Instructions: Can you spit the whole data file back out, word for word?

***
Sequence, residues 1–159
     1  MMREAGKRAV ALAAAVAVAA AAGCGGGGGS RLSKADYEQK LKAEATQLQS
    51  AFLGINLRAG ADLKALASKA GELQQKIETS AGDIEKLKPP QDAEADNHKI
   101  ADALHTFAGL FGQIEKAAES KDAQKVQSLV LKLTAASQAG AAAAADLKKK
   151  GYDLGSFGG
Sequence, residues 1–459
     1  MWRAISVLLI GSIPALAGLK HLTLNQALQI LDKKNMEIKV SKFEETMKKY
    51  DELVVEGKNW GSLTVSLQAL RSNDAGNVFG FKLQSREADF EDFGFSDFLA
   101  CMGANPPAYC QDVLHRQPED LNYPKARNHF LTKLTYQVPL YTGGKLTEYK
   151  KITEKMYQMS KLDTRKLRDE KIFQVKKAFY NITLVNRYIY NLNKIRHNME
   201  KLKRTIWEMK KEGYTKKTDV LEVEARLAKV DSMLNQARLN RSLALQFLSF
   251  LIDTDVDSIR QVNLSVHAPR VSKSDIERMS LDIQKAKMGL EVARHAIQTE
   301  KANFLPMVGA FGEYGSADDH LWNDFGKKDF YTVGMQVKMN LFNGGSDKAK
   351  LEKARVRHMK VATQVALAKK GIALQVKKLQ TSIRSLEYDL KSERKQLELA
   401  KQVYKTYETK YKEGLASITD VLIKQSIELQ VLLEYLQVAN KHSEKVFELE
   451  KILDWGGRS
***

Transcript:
Sequence, residues 1–159
     1  MMREAGKRAV ALAAAVAVAA AAGCGGGGGS RLSKADYEQK LKAEATQLQS
    51  AFLGINLRAG ADLKALASKA GELQQKIETS AGDIEKLKPP QDAEADNHKI
   101  ADALHTFAGL FGQIEKAAES KDAQKVQSLV LKLTAASQAG AAAAADLKKK
   151  GYDLGSFGG
Sequence, residues 1–459
     1  MWRAISVLLI GSIPALAGLK HLTLNQALQI LDKKNMEIKV SKFEETMKKY
    51  DELVVEGKNW GSLTVSLQAL RSNDAGNVFG FKLQSREADF EDFGFSDFLA
   101  CMGANPPAYC QDVLHRQPED LNYPKARNHF LTKLTYQVPL YTGGKLTEYK
   151  KITEKMYQMS KLDTRKLRDE KIFQVKKAFY NITLVNRYIY NLNKIRHNME
   201  KLKRTIWEMK KEGYTKKTDV LEVEARLAKV DSMLNQARLN RSLALQFLSF
   251  LIDTDVDSIR QVNLSVHAPR VSKSDIERMS LDIQKAKMGL EVARHAIQTE
   301  KANFLPMVGA FGEYGSADDH LWNDFGKKDF YTVGMQVKMN LFNGGSDKAK
   351  LEKARVRHMK VATQVALAKK GIALQVKKLQ TSIRSLEYDL KSERKQLELA
   401  KQVYKTYETK YKEGLASITD VLIKQSIELQ VLLEYLQVAN KHSEKVFELE
   451  KILDWGGRS